A hexomino is a polyomino of order 6, that is, a polygon in the plane made of 6 equal-sized squares connected edge-to-edge. The name of this type of figure is formed with the prefix hex(a)-. When rotations and reflections are not considered to be distinct shapes, there are 35 different free hexominoes. When reflections are considered distinct, there are 60 one-sided hexominoes. When rotations are also considered distinct, there are 216 fixed hexominoes.
1000 or one thousand is the natural number following 999 and preceding 1001. In most English-speaking countries, it can be written with or without a comma or sometimes a period separating the thousands digit: 1,000.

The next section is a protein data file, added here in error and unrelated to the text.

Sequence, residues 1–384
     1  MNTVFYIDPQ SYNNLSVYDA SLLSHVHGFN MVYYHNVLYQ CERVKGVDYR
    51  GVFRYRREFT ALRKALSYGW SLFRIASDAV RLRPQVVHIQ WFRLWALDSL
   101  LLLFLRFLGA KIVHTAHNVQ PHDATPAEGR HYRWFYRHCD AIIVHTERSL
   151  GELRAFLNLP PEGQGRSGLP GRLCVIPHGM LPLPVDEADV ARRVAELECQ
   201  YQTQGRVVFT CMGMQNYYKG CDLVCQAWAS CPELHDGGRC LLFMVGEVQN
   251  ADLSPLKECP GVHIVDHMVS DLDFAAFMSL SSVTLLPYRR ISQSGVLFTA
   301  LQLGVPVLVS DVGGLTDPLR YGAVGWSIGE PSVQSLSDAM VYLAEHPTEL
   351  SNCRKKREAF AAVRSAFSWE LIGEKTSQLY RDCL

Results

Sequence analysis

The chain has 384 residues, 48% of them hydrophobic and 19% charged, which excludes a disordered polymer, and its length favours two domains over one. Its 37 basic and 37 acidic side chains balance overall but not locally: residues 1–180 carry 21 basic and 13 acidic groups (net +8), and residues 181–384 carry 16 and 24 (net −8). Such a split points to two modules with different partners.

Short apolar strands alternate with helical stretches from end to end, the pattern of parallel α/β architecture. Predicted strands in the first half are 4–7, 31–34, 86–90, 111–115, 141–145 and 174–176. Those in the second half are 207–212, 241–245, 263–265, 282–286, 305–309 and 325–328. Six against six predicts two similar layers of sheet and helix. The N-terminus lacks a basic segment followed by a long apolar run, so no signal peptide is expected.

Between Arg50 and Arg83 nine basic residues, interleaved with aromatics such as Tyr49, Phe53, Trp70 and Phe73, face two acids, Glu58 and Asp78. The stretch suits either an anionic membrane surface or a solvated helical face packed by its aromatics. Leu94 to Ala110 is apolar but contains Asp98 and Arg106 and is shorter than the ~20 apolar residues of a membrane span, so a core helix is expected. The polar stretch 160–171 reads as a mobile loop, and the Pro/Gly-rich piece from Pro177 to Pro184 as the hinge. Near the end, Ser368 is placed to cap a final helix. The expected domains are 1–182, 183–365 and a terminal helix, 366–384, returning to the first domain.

In recreational mathematics, a polyabolo is a shape formed by gluing isosceles right triangles edge-to-edge, making a polyform with the isosceles right triangle as the base form. Polyaboloes were introduced by Martin Gardner in his June 1967 "Mathematical Games column" in Scientific American.
A polycube is a solid figure formed by joining one or more equal cubes face to face. Polycubes are the three-dimensional analogues of the planar polyominoes. The Soma cube, the Bedlam cube, the Diabolical cube, the Slothouber–Graatsma puzzle, and the Conway puzzle are examples of packing problems based on polycubes.
A tromino or triomino is a polyomino of size 3, that is, a polygon in the plane made of three equal-sized squares connected edge-to-edge.